As a user I never have the problem of cached pages as I always type in the URL or choose via a Bookmark. I don't use Opera's weirdo page (speed dial? I have little blank squares I ignore), I don't let Firefox save its tabs when open, and I never click on Chrome's "most visited pages" thingie. Users who leave their tabs and stuff open should not complain about not seeing new content. Don't they know it's not the real page they're seeing but what the browser remembers?
    Reminds me of my mom who would drive around and not know what the "little flag in the water light" meant. Maybe some user education is necessary? It would at least help them with other sites they're not seeing fresh.

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    SitePoint Addict trinity0159's Avatar
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    Quote Originally Posted by Dan Schulz View Post
    If you use the tag the search engines will honor it, meaning that your pages will not be cached in their indexes.
    I read somewhere that it does lower your rank in search engines, is this true?

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    billycundiff{float:left;} silver trophybronze trophy RyanReese's Avatar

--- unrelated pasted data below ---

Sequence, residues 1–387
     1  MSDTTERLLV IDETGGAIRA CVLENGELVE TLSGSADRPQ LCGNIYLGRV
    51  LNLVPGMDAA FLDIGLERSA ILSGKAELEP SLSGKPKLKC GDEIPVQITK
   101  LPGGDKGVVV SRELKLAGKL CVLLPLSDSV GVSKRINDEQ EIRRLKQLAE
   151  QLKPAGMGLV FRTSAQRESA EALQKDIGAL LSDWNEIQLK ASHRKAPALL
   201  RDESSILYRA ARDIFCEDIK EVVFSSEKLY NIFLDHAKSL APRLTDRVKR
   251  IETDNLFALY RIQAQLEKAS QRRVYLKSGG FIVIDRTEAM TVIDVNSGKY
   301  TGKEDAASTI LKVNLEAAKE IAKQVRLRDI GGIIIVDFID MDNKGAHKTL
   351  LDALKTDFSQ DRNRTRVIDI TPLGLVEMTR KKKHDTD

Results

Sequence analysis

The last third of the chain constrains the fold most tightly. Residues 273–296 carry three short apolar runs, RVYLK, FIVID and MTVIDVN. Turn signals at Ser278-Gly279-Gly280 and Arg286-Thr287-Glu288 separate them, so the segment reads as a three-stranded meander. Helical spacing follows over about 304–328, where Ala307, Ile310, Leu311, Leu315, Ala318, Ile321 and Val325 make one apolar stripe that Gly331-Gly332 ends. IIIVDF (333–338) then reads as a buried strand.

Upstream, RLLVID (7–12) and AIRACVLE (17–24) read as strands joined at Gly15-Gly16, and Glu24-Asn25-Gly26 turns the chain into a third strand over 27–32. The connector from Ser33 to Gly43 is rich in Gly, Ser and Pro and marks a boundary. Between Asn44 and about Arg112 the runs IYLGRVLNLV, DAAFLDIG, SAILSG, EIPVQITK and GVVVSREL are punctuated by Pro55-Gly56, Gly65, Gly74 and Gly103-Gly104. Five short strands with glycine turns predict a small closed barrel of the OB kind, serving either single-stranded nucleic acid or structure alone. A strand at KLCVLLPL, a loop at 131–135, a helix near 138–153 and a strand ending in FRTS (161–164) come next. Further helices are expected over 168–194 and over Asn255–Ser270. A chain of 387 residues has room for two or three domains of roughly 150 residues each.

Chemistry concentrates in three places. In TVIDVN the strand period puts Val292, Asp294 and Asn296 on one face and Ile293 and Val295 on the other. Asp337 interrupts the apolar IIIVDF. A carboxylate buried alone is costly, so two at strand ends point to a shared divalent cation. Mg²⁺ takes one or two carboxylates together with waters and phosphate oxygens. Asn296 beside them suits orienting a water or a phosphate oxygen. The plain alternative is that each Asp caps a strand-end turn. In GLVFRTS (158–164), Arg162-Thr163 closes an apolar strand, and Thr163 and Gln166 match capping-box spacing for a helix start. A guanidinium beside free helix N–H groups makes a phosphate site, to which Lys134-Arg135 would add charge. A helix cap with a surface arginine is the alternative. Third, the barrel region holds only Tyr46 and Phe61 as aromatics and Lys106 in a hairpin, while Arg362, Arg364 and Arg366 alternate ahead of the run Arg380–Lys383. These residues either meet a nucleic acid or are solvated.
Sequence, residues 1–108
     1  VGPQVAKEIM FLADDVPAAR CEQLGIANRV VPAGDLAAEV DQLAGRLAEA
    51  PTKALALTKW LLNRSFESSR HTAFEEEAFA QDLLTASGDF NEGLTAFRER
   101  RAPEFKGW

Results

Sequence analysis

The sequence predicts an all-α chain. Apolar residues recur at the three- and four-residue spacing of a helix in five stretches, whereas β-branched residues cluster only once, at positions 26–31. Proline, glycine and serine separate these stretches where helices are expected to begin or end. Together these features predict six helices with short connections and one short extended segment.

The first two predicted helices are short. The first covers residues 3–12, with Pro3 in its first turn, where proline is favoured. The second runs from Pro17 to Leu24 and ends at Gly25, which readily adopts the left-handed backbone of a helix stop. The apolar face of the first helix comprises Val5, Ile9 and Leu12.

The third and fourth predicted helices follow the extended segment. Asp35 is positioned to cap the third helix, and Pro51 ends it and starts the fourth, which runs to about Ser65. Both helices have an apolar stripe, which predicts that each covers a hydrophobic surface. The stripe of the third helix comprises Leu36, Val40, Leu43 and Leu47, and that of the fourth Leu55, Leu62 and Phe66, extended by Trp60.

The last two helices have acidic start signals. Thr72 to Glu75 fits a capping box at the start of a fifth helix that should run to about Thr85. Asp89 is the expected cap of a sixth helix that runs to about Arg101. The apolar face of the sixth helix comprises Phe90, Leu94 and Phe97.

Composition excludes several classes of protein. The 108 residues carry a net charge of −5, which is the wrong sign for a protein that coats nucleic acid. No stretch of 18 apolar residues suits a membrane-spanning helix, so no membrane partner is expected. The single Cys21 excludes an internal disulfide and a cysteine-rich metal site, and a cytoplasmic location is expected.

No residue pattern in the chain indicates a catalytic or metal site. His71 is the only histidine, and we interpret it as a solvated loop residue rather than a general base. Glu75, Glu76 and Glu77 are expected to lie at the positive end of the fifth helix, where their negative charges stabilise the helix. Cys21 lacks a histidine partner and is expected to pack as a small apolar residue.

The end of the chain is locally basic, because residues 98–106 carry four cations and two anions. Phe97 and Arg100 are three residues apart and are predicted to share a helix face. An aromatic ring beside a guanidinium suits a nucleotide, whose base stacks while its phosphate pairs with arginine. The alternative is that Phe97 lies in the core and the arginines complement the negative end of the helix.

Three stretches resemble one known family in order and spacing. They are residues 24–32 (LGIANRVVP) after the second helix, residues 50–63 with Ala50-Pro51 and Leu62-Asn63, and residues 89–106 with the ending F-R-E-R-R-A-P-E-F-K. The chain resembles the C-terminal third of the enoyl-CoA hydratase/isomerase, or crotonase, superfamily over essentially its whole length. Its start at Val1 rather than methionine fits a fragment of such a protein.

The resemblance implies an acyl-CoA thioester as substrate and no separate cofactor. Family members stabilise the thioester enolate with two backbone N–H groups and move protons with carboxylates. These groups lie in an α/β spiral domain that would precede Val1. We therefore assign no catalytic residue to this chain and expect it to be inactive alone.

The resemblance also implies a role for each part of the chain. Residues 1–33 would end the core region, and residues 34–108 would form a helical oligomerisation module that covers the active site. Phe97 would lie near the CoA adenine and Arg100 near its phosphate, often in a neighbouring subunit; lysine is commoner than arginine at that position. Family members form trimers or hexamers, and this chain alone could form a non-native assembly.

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    Quote Originally Posted by trinity0159 View Post
    I read somewhere that it does lower your rank in search engines, is this true?
    It shouldn't. The point of the caching system that google uses is not to provide indexing services.
    Always looking for web design/development work. Willing to do it cheap to build portfolio!

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    SitePoint Wizard Stomme poes's Avatar
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    I read somewhere that it does lower your rank in search engines, is this true?
    Trinity, think of all those authorised banking pages where you log in to view your account. Because they're secure, they are never cached, by anyone. Does that hurt banking sites? Nope. Their cacheble pages show up just fine. So, you're cool.